Massachusetts Attorney General Campbell Files Brief In Support of Common Sense Gun Laws

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In full transparency, the following is a press release from the Massachusetts Attorney General’s office submitted to SOURCE media. (istock photo)

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BOSTON – In the wake of the United States Supreme Court’s 2022 ruling in New York State Rifle & Pistol Association v. Bruen, Massachusetts Attorney General Andrea Joy Campbell this week filed briefs in two ongoing legal cases to defend and uphold common sense Massachusetts laws and regulations intended to protect Massachusetts residents from gun violence.

“Under my leadership, Massachusetts will continue to lead when it comes to preventing gun violence and that means defending our common sense gun laws that keep families safe,” said AG Campbell. “Today, we are calling on the Courts to uphold laws that protect all of us, especially our children, from the deadly use of combat-style assault weapons, weapons with large-capacity magazines and weapons that do not meet minimum safety requirements.”

On Monday, AG Campbell filed a brief in the First Circuit Court of Appeals in the matter of Granata v. Campbell. The brief argues that Massachusetts handgun safety regulations, as established through regulations issued by the Attorney General and by state statute, do not violate the Second Amendment of the United States Constitution. These regulations prohibit the commercial sale of handgun models that do not meet minimum safety requirements to protect against accidents like explosion or unintended discharge. The AG contends in the brief that the regulations protect Massachusetts consumers, gun owners and children against firearms accidents.

On Tuesday, AG Campbell filed a brief in the U.S. District Court for the District of Massachusetts in National Association for Gun Rights v. Campbell, opposing the plaintiffs’ motion to temporarily block the Massachusetts ban on the sale and possession of assault weapons and large capacity ammunition magazines. The AG asserts in the filing that combat-style assault rifles and large-capacity magazines—the weapons and accessories of choice in America’s deadliest mass shootings—pose an inordinate risk to the safety of the public and law enforcement officers, with no meaningful utility for individual self-defense.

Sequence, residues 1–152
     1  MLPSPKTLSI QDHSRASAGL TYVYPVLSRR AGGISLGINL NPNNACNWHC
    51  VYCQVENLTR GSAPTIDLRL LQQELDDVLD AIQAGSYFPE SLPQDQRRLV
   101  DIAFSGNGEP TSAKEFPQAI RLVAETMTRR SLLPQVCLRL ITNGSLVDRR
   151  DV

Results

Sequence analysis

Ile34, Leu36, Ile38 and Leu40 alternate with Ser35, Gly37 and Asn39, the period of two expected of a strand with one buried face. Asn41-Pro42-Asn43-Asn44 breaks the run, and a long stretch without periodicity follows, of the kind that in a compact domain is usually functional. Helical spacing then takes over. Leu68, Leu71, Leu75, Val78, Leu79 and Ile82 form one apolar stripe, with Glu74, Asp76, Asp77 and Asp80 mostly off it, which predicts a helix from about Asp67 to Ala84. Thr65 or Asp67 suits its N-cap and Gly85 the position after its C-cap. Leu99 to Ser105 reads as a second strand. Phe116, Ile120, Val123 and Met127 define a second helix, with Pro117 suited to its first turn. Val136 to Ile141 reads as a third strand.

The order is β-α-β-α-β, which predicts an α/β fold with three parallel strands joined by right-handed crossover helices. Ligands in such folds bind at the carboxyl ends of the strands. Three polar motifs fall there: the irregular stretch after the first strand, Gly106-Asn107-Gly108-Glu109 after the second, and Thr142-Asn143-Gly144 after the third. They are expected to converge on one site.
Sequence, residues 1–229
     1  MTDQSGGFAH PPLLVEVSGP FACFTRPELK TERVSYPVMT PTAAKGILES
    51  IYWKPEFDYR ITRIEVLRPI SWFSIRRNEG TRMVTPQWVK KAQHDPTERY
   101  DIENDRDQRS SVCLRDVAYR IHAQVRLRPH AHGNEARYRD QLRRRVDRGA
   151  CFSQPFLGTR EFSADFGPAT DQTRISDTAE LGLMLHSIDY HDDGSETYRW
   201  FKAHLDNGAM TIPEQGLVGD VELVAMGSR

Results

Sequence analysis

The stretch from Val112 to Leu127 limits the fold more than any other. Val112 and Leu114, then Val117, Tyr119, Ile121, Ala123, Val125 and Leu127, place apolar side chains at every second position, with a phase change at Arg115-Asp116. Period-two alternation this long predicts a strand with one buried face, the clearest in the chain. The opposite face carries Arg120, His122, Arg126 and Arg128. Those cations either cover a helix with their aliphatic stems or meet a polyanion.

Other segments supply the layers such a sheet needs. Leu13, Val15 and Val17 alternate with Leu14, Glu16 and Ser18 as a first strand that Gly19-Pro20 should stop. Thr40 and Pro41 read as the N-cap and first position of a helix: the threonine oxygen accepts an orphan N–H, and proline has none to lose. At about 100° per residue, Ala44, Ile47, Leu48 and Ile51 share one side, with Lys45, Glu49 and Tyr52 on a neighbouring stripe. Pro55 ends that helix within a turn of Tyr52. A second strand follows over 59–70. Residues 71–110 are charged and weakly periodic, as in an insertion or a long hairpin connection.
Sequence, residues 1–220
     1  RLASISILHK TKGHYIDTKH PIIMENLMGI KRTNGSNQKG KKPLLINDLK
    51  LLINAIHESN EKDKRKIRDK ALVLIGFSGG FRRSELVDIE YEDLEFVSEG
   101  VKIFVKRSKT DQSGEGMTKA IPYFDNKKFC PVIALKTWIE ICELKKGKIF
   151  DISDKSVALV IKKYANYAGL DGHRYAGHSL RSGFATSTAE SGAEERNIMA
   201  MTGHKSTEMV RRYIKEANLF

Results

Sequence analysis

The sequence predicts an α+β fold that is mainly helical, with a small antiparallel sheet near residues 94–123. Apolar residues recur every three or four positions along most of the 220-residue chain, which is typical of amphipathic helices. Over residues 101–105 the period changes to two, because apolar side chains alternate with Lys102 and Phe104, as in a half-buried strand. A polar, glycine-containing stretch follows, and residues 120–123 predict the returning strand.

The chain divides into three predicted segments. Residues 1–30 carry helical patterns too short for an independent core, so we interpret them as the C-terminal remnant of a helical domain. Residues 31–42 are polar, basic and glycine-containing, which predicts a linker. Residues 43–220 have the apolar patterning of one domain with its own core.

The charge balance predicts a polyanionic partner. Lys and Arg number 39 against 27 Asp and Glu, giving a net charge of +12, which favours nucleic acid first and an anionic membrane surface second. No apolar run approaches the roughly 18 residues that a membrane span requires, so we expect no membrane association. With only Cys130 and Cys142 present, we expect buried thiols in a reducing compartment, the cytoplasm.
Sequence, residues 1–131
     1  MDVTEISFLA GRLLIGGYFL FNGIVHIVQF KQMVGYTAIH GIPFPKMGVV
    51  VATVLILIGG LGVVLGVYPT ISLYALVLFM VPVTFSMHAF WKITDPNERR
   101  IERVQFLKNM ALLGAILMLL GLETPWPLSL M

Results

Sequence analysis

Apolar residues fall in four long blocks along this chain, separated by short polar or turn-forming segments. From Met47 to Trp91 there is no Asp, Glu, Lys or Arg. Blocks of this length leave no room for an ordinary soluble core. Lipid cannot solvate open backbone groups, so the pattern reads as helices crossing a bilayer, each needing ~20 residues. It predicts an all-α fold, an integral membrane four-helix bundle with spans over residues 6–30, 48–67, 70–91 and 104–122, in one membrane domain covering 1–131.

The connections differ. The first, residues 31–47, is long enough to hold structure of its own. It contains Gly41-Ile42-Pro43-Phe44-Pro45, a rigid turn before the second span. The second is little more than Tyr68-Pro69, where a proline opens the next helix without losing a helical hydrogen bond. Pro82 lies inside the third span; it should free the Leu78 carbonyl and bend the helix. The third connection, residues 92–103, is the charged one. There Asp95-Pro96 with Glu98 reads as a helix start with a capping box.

By filing these briefs, AG Campbell is following through on the commitment she made in her inaugural address to defend Massachusetts’ common sense gun laws in order to prioritize the safety of the public and create safer, healthier communities across the Commonwealth.

Last month, AG Campbell announced her support for legislation filed in the Massachusetts Senate by Senator Michael Moore (D-Millbury) to strengthen current state law prohibiting the purchase, possession and use of silencers by amending the definition of “silencer” to mirror the definition in federal law. At a time when law enforcement officials are seeing an increase in the purchase and possession of illegal firearms, including ghost guns, and firearm accessories, this bill will strengthen enforcement capabilities and protect public safety by helping to keep these devices out of the hands of dangerous individuals. 

Following the United States Supreme Court ruling in New York State Rifle & Pistol Association v. Bruen, the Attorney General’s Office and the Massachusetts Executive Office of Public Safety and Security issued a joint advisory to provide guidance to licensing authorities and law enforcement officials on how the Court’s decision affects Massachusetts’s firearm licensing laws. The advisory confirmed that it remains unlawful to carry a firearm in Massachusetts without a license and details the strong license-to-carry eligibility requirements that remain in place.

These matters were handled by Division Chief Timothy Casey, Assistant Attorneys General Julie Green, Grace Gohlke and Phoebe Fischer-Groban, and Senior Paralegal Julie Collins, all of the AG’s Constitutional and Administrative Law Division. Substantial assistance was provided by Managing Administrative Assistant Sherrie Costa of the AG’s Government Bureau, Law Librarian Kevin Coakley-Welch and Law Library Student Co-op Emma Williamson.

editor

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